Step 3: Schedule & Prepare for Your Visa Interview
Once you have received your Form I-20 or Form DS-2019 from Brandeis University and your SEVIS fee has been paid, the ISSO recommends that you schedule an appointment at the nearest U.S. Embassy or Consulate as soon as possible.
The earliest that F-1 or J-1 students may be granted a visa is 120 days prior to the start of the student's academic program at Brandeis (see start date on Form I-20 or DS-2019).
Canadian Citizens: Although Canadian citizens are not required to obtain an entry visa stamp, all Canadians must obtain a Form I-20 or Form DS-2019 and pay the appropriate SEVIS fee at least 3 business days before entering the U.S. and applying for F-1 or J-1 student status at the U.S. Port-of-Entry.
All new F-1 or J-1 applicants must appear for an in-person interview at a U.S. Embassy or Consulate outside of the United States.
Processing times for visa issuance vary and may require additional time due to security checks on applications. The U.S. Department of State provides the latest information on visa processing times, required materials, and current listings of U.S. Embassies and Consulates abroad. You will find links to these sites under "Helpful Information" on this page.
Documents to Bring to Your Visa Interview
Proof of Assured Funds (Financial Documents) as reflected on your Certificate of Eligibility Form I-20 or Form DS-2019 (bring all ORIGINAL bank documents and support letters)
Original Certificate of Eligibility Form I-20 or Form DS-2019 (be sure to carefully review for possible errors and sign your document prior to your interview)
SEVIS Fee Payment Receipt
The Acceptance Letter and Financial Aid Award Letter (if any) from Brandeis.
Check your local U.S. Embassy or Consulate website for additional requirements such as application fees, photos, etc.
The U.S. Consular Officer will review your documents during your visa interview. Be prepared to answer potential questions about your family, finances, choice of degree program (for students) and why you are choosing to come to Brandeis.
If the official believes that all is in order, he or she should issue you an F-1 or J-1 visa stamp allowing you to request entry to the U.S. in F-1 or J-1 status for the purpose of studying at Brandeis University.
Prepare for Your Visa Interview
To be issued a student visa, the Consular Officer will ask you to prove that you plan to return to your home country when you complete your studies in the U.S. In order to demonstrate to the Consular Officer that you plan to return to your home country, you will be asked to show that:
- You have sufficient assured funds to cover all your expenses for the duration of your stay in the U.S. If you are receiving a scholarship from Brandeis, be prepared to show a letter of award. If you are sponsored by an agency or organization, be prepared to show a letter of award. If your funding is from personal and/or family funds, be prepared to show bank statements/letters, certified letters of credit, proof of your annual salary and/or your total available assets or that of your immediate family.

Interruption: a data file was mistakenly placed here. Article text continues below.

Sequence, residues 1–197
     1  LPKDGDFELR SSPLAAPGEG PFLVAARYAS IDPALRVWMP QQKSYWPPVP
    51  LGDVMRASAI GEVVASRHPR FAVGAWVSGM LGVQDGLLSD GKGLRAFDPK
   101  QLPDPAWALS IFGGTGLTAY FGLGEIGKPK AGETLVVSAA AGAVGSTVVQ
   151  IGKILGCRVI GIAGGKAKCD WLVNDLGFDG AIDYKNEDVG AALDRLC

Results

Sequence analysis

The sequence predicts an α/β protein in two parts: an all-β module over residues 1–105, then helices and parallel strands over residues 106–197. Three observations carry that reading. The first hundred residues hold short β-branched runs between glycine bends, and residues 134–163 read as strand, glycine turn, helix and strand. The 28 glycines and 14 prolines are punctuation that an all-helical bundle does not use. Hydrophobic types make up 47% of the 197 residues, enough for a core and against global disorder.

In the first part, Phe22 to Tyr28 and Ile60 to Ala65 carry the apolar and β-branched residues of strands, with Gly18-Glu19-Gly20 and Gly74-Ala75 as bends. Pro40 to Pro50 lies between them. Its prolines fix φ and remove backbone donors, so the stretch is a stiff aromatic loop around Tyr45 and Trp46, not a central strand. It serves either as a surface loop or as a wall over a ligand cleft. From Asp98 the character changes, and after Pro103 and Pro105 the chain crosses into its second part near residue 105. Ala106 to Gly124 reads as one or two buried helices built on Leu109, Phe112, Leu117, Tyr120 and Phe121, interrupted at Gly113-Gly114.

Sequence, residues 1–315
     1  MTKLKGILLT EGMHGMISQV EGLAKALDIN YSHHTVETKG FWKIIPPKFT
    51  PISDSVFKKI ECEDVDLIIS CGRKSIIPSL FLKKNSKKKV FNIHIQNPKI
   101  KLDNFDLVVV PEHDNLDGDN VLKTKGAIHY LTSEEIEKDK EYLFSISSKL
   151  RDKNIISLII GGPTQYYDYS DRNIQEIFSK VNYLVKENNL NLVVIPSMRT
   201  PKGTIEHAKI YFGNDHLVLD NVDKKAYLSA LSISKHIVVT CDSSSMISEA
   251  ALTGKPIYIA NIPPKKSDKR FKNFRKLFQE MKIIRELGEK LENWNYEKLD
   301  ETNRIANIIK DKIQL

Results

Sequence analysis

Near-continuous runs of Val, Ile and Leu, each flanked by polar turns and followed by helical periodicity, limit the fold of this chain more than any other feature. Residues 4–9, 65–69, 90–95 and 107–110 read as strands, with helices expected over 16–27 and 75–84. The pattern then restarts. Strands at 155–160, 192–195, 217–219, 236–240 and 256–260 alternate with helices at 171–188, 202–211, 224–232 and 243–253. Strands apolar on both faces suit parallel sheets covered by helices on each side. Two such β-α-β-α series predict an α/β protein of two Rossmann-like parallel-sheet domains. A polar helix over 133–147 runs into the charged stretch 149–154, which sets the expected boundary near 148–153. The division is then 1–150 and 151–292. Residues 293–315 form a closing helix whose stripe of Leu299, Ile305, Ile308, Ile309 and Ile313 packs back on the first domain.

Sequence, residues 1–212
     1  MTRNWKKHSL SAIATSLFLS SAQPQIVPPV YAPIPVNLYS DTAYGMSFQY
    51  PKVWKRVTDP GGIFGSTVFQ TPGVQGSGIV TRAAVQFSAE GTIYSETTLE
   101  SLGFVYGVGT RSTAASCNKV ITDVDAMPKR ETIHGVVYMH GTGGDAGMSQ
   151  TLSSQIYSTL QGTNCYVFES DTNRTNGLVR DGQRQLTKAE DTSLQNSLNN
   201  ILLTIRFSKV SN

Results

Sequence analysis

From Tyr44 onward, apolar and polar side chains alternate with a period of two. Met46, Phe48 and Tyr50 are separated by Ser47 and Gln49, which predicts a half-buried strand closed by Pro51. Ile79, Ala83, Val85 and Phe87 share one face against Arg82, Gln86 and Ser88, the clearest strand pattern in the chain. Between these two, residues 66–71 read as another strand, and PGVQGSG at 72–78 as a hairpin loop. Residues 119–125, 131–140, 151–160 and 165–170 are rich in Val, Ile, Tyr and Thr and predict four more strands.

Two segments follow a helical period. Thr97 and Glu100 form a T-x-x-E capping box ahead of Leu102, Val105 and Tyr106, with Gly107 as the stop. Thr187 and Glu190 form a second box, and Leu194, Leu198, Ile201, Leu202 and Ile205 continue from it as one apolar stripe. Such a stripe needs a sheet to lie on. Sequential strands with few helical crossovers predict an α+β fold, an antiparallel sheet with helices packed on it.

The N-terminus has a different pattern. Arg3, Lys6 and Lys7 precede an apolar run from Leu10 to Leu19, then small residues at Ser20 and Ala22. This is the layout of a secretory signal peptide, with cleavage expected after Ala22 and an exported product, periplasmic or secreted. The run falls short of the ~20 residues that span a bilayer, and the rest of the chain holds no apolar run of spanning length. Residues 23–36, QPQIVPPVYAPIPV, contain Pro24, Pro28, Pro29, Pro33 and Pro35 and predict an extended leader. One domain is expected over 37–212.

F-1 Students: At minimum, you must prove to the satisfaction of the United States Consular Officer that you have sufficient funds for at least one year of study. According to the limitations of your visa status, you will not be permitted to work off-campus during your first year at Brandeis. Also note that on-campus jobs are limited.
- You have “strong ties” to your home country and that you will return home upon completion of your program. Strong ties are various aspects of your life (professional, family, financial, etc.) that bind you to your country of residence. Strong ties may include all your family resides in your home country and not in the U.S., you have a job awaiting you at home upon completing your studies, all of your assets are at home and not in the U.S., etc.
- You can articulate your plan. What do you want to study or research? Why did you choose Brandeis University? What activities will you pursue in your home country after you complete your degree/program? You may be asked many questions in the interview or your time in the interview may be very brief. It is important to be calm, clear, and concise.
If you cannot prove these points to the Consular Officer, you may be denied a visa.
What You Will be Told at Your Interview
- Your visa has been granted and will be given to you at that time or it will be mailed to you.
- Your visa has been denied. The U.S. Embassy/Consulate should provide you with a written explanation explaining the reason for the denial as well perhaps giving you some information verbally. If you are denied a visa, contact the ISSO immediately with as much information as possible about your visa interview and the ISSO will provide some guidance as to the next step.
- Your application needs further review and will be sent for a Security Advisory Opinion (SAO). This does not mean that you have been denied a visa. However, it does mean that your file will be sent to Washington D.C. for further security screening. Please note that it is not possible to expedite the processing time for an SAO. The approximate processing time is 30 days but processing times may vary. If you receive an SAO, please keep the ISSO informed about the status of your visa.